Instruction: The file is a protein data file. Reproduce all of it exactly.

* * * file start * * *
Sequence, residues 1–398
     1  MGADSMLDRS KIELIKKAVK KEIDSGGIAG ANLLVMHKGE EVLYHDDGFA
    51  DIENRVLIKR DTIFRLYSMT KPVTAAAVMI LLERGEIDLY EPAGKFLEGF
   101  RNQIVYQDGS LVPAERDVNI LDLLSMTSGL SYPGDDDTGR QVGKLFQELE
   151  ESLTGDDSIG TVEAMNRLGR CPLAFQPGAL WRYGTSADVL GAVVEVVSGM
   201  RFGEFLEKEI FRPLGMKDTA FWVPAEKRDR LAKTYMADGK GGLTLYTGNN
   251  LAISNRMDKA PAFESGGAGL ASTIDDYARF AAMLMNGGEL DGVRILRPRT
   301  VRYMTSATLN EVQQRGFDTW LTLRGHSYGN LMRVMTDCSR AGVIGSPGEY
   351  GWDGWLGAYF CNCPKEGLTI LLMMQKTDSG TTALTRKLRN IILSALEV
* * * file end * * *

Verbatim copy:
Sequence, residues 1–398
     1  MGADSMLDRS KIELIKKAVK KEIDSGGIAG ANLLVMHKGE EVLYHDDGFA
    51  DIENRVLIKR DTIFRLYSMT KPVTAAAVMI LLERGEIDLY EPAGKFLEGF
   101  RNQIVYQDGS LVPAERDVNI LDLLSMTSGL SYPGDDDTGR QVGKLFQELE
   151  ESLTGDDSIG TVEAMNRLGR CPLAFQPGAL WRYGTSADVL GAVVEVVSGM
   201  RFGEFLEKEI FRPLGMKDTA FWVPAEKRDR LAKTYMADGK GGLTLYTGNN
   251  LAISNRMDKA PAFESGGAGL ASTIDDYARF AAMLMNGGEL DGVRILRPRT
   301  VRYMTSATLN EVQQRGFDTW LTLRGHSYGN LMRVMTDCSR AGVIGSPGEY
   351  GWDGWLGAYF CNCPKEGLTI LLMMQKTDSG TTALTRKLRN IILSALEV